A perfect example of keeping your eyes open and your camera on, even when you’re out for a walk. I discovered this community garden on Hollywood Boulevard several years ago but it was only during a late-night, post-club visit that I realized it was a story just begging to be told. More on how I found it here, including photos I’ve taken of the garden throughout the years (before I even knew what it was). Street Journalism in action!

Best Stumbling
Enduring Spirit, Gelatobaby
Yes, I ran a marathon this year. Yes, I tweeted photos at every mile. Did I mention it rained the ENTIRE TIME? Did I mention that for the most part, I didn’t train AT ALL? Well, I hope you enjoy the story as I RISKED MY LIFE FOR IT.

Most Uplifting Subjects (I Believe the Children Are Our Future Award)
Middle School Students Tell LAUSD: No More Styrofoam!, GOOD
If you are ever feeling sorry for the state of the world, go visit the sixth graders at Thomas Starr King Middle School who not only got their school to stop using styrofoam trays at lunch, they raised money to buy reusable trays for every student who wanted one. After my story, the kids were featured on the local news, made dozens of videos, and worked with 826 LA to write about their experiences. Absolutely amazing.

Most Overwhelming Response
The Top 5 Things That Bother Me About This Headline, GOOD
When I pitched this little essay to GOOD for their Data Issue, it was mostly to vent about my own frustrations when writing “for the internet” compared to writing for print. But in the hands of guest editor Starlee Kine, it became a highly personal examination of my own transformation as a writer in the age of data—someone who, I realized, is almost addicted to page views and retweets. Ironically, the story was a traffic smash, and I’m still getting weekly emails and seeing it pop upon Twitter about it over six months later. Mostly, people thanking me for being honest about how hard it is to do what writers do.

Most Underwhelming Response
How Weeds Became a Marketing High For MIT’s Bike Wheel, Co.Design
After I noticed the Copenhagen Wheel in a recurring cameo role on Weeds, I jumped on this story, interviewing both the Wheel’s design team and the Weeds showrunner. I thought the incredible, slightly racy tale of how Weeds chose to include and work with the creators of this environmentally progressive bike concept would be a sure hit for cyclists and potheads everywhere. The story didn’t do that well, which I guess illustrates that data doesn’t always win. Or that potheads are an unreliable audience.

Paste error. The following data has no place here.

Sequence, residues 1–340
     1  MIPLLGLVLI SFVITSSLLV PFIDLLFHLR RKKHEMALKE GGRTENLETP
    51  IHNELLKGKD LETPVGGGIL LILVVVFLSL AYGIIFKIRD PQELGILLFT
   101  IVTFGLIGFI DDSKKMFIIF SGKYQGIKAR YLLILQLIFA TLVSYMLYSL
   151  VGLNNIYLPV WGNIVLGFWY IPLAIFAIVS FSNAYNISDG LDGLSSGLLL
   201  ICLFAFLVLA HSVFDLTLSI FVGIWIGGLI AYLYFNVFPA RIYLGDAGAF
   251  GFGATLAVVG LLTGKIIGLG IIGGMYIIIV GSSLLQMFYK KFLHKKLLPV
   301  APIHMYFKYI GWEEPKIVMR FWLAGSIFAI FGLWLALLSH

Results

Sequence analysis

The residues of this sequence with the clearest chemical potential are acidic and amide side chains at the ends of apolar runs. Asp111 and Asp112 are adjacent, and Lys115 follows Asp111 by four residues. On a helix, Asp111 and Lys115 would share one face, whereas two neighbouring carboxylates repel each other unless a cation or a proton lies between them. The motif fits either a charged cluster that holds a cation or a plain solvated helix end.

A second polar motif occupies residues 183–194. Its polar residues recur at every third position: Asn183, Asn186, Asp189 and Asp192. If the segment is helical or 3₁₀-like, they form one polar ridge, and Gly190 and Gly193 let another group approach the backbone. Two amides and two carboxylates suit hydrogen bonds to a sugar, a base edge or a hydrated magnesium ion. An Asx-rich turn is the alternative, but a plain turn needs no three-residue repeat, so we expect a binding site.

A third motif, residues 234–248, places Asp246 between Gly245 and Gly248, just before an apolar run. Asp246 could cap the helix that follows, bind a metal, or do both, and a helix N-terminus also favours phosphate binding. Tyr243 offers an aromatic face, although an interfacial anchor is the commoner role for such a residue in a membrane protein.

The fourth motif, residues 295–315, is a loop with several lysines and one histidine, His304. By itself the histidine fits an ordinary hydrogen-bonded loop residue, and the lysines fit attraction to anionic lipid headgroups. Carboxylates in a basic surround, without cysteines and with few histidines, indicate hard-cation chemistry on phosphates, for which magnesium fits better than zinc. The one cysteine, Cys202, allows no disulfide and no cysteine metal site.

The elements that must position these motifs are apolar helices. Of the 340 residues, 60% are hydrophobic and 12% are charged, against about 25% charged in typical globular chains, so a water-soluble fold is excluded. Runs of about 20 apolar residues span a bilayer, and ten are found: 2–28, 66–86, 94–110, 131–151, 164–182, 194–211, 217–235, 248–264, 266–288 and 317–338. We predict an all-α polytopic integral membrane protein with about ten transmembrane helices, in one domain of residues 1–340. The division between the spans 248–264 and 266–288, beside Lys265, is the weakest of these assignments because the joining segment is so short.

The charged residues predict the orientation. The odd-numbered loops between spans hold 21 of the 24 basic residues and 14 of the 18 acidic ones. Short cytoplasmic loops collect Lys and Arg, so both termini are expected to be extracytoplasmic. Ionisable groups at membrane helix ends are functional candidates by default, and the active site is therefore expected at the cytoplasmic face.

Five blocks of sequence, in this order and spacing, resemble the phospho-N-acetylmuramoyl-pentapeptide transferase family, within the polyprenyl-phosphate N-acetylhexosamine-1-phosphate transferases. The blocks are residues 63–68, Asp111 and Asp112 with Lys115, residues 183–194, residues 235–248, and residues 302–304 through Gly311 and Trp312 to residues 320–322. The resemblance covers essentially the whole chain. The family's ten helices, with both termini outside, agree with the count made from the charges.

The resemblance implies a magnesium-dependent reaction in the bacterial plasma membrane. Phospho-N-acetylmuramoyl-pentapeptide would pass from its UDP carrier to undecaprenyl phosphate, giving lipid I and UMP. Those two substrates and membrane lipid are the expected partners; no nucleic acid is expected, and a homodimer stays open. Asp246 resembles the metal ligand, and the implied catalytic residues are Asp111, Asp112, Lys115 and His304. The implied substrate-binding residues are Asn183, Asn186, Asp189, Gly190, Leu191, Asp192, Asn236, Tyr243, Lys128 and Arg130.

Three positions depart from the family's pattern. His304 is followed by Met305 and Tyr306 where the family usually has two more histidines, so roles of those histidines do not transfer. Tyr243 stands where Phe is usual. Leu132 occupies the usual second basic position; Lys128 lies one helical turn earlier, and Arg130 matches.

Most Beautiful Thing I Wrote About
An Almost Life-Sized Version of L.A. Made Entirely from Cardboard, Co.Design
Gosh, maybe one of the most beautiful things I’ve ever seen, period.

Most Delicious Thing I Wrote About
Don’t Call it a Pop-Up: Felix Barron’s KTCHN 105, KCET Food
Best brunch in Los Angeles, with a unique experience that matches the food.

Best Service Journalism
The Best Way to See the Hollywood Sign, Gelatobaby
After a group of Beachwood Canyon residents decided they didn’t want tourists prowling their streets in search of the elusive Hollywood Sign, I wrote this story outlining several alternate routes that actually produce better views than if you’d parked in some snobby asshole’s driveway. A big part of what I hope to do with my writing is to help people navigate and understand LA better, and if I can do that at the expense of wealthy, closed-minded Angelenos, even better.

Proof that You Can Make Money Riding Buses
“Mass Transit”: A Dance Performance Inspired by Riding L.A.’s Buses
, GOOD
What Happens When You Put a Coffee Table at a Bus Stop?, GOOD
Is LA’s Public Transit a Joke? This Comedian Sure Hopes So, GOOD
Take that, cars!

Most Hate Mail
Do You Double Space After Periods?, GOOD
I had no idea that taking a stand (along with many other writers) against double spacing after periods would net me the most emails I’ve ever received for a single story. The emails that I received also happened to contain the poorest grammar and spelling I’ve ever seen. And every email was dutifully double spaced, of course.

Happy new year!